This international volume offers new perspectives on social and psychological aspects of depression. The twenty-one contributors hailing from thirteen countries represent contexts with very different histories, political and economic structures, and gender role disparities. Authors rely on Silencing the Self theory, which details the negative psychological effects that result when individuals silence themselves in close relationships, and the importance of social context in precipitating depression. Specific patterns of thought on how to achieve closeness in relationships (self-silencing schema) are known to predict depression. This book breaks new ground by demonstrating that the link between depressive symptoms and self-silencing occurs across a range of cultures. Silencing the Self Across Cultures explains why women's depression is more widespread than men's, and why the treatment of depression lies in understanding that a person's individual psychology is inextricably related to the social world and close relationships.Several chapters describe the transformative possibilities of community-driven movements for disadvantaged women that support healing through a recovery of voice, as well as the need to counter violations of human rights as a means of reducing women's risk of depression. Bringing the work of these researchers together in one collection furthers international dialogue about critical social factors that affect the rising rates of depression around the globe.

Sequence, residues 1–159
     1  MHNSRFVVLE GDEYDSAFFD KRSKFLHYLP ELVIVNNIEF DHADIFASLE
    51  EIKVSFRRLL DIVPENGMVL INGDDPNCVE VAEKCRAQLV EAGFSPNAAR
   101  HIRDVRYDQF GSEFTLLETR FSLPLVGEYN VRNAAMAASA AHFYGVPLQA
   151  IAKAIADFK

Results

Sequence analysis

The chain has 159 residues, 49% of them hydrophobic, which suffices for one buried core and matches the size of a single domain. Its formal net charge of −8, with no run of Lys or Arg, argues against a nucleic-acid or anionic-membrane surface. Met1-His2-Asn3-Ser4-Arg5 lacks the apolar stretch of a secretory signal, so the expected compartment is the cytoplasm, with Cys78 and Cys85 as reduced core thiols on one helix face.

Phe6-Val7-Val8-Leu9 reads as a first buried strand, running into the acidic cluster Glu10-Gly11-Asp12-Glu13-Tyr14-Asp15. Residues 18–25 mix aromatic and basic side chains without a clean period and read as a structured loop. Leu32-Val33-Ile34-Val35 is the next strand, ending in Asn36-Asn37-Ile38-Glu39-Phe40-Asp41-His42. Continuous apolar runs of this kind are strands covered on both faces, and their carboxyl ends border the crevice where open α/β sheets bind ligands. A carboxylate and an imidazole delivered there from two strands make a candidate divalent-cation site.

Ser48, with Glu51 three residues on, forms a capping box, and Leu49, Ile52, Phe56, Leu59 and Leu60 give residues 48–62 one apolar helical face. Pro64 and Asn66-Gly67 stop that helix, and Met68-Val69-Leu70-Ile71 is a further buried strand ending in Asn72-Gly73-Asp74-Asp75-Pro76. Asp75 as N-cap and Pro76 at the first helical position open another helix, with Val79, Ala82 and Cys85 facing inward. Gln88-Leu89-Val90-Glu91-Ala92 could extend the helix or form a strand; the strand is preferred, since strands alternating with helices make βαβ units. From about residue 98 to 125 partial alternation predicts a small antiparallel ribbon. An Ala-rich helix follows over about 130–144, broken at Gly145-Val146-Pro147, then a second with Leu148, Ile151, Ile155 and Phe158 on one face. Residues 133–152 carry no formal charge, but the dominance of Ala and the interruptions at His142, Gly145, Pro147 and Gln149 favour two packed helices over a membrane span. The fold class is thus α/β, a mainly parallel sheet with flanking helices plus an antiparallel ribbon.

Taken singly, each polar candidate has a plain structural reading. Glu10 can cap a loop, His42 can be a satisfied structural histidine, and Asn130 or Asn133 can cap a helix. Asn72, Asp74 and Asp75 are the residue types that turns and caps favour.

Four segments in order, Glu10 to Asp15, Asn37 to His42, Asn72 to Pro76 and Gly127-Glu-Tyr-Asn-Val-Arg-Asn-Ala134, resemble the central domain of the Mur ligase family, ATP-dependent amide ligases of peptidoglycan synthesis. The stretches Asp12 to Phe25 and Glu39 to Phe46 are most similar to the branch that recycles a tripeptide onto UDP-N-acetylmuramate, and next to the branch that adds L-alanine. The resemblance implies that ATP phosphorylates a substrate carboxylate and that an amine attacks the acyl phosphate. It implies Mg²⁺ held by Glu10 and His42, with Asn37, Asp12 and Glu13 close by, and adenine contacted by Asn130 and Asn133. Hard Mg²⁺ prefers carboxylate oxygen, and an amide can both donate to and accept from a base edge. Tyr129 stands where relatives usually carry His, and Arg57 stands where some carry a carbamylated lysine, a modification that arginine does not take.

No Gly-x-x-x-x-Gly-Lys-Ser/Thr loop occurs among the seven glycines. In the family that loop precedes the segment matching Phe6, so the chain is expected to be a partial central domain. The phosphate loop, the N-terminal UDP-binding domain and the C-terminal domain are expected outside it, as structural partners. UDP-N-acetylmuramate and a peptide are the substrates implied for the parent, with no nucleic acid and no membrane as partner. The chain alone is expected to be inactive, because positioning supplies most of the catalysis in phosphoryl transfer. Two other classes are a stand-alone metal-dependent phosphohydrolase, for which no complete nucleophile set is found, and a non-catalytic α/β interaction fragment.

Silencing the Self Across Cultures
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